Indiana Democratic Senator Joe Donnelly met with Trump’s Supreme Court nominee Brett Kavanaugh Wednesday.
Kavanaugh was nominated by President Trump to fill the seat being vacated by retiring Justice Anthony Kennedy. If confirmed, this will be President Trump’s second appointment to the highest court in the land.
However, while the Republicans do hold a slim 51-49 majority in the Senate, Trump and the Republicans will likely need a few Democrat votes here and there in order to confirm Kavanaugh.
Why? Well, no one is quite sure what the health of Arizona Sen. John McCain will be like at the time of the vote and Sens. Olympia Snowe of Maine and Lisa Murkowski of Alaska are wildcards, who may or may not vote for Trump’s man. So, enter blue-dog Democrats.
Sen. Donnelly is an extremely conservative Democrat when compared to the likes of his fellow party members Chuck Schumer and Elizabeth Warren. Also, add to the mix the Donnelly is currently in a tough re-election campaign against Republican Mike Braun in Indiana, a state that went overwhelmingly for Trump just a little less than two years ago.
He’s the perfect kind of Democrat to vote for Trump’s Supreme Court nominee, right?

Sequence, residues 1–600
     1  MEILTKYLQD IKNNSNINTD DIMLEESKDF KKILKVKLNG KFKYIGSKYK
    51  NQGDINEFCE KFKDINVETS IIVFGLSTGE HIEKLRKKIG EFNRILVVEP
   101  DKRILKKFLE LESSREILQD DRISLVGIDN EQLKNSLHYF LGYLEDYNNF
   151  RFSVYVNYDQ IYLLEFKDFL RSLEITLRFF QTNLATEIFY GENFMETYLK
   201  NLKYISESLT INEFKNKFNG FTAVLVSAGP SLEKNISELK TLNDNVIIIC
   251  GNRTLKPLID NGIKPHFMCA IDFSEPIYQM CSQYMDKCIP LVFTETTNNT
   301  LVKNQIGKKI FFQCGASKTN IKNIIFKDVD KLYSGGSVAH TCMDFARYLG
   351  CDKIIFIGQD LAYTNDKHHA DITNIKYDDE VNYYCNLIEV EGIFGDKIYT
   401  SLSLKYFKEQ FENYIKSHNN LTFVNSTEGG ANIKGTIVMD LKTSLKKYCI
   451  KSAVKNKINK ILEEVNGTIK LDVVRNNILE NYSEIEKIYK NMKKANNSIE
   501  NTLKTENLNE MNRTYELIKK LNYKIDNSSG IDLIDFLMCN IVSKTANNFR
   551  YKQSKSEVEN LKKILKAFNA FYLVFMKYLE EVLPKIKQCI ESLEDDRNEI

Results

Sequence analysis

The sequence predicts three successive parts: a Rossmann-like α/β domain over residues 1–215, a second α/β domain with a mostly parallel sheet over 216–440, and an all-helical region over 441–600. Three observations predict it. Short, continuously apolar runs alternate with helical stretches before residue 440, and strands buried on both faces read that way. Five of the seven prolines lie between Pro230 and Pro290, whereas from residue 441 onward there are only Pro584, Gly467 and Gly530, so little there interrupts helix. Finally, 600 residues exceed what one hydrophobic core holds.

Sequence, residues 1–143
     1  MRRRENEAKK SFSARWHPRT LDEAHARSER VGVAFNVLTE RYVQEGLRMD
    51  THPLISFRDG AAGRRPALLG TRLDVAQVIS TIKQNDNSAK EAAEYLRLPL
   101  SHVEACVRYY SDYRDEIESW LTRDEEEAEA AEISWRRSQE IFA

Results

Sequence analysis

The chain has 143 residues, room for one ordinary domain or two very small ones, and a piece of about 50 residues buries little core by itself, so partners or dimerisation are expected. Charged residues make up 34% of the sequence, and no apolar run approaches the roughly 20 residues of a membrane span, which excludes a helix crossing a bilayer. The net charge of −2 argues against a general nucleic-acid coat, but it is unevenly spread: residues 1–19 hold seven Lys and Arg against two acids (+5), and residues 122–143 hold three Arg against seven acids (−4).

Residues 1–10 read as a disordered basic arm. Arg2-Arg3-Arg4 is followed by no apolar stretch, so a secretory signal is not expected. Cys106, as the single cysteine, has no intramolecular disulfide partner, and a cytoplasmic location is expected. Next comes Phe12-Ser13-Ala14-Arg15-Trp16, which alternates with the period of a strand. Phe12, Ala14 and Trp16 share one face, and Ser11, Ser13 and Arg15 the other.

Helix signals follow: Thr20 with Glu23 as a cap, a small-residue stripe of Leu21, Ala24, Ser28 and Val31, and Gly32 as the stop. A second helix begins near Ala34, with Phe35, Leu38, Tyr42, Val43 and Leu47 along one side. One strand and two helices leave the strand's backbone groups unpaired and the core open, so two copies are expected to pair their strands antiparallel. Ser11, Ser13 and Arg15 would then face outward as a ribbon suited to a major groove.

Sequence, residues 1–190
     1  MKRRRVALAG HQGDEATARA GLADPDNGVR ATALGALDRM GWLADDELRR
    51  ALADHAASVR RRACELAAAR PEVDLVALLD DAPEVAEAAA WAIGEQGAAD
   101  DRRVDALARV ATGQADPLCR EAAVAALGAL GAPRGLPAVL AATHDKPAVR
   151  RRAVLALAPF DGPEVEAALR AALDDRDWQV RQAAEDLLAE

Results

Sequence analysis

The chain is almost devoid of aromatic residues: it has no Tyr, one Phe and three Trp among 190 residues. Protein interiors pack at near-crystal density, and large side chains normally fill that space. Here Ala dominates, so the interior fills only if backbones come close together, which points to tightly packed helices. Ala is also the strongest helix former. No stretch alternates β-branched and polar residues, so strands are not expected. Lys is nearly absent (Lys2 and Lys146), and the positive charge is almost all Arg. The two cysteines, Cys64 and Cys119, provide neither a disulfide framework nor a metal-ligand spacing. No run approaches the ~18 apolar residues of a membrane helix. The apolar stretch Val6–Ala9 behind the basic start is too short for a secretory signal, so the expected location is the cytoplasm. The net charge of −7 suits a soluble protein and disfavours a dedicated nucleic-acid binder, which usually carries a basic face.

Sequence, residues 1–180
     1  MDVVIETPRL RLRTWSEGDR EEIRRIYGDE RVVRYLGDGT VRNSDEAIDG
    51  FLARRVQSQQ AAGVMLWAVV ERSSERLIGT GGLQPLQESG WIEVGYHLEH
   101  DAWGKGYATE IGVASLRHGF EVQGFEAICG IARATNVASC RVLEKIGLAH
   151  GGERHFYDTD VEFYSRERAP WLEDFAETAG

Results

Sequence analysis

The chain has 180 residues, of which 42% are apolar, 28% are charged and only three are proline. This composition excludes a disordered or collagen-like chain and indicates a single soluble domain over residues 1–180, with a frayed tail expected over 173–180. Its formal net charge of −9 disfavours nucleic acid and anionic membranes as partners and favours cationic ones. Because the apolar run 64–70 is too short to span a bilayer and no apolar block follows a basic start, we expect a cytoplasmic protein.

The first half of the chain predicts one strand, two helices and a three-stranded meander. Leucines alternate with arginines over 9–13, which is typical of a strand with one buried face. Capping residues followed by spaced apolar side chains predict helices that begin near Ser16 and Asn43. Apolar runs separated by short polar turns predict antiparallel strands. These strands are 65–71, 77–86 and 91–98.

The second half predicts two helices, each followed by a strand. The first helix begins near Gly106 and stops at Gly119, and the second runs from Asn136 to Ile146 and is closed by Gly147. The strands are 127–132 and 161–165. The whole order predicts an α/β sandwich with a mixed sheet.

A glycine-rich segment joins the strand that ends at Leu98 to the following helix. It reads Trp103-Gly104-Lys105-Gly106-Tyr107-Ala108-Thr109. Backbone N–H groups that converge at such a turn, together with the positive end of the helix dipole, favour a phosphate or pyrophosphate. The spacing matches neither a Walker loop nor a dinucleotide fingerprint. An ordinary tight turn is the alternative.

Well, not so fast.
READ: Joe’s statement after meeting with Judge Kavanaugh. pic.twitter.com/lopEAbKvfz
— Archive: Senator Joe Donnelly (@SenDonnelly) August 15, 2018
Apparently, Donnelly is still undecided according to the statement put out by his office.
But let’s be honest, Donnelly is a tough position when it comes to his vote for Kavanaugh.
He doesn’t vote for Kavanaugh, pleases Schumer and the rest of Democratic party leadership, but angers Hoosiers and independents, soft Republicans that would’ve voted for him in November. He votes to confirm Kavanuagh, angers Schumer and his Democratic buddies in D.C. and Democrats back home in Indiana.
Let’s remember Donnelly voted to confirm Neil Gorsuch, Trump’s first appointee to the Supreme Court nominee.
My guess: He votes for Kavanaugh and hopes it doesn’t hurt him too badly with Democrats right before his re-election chances.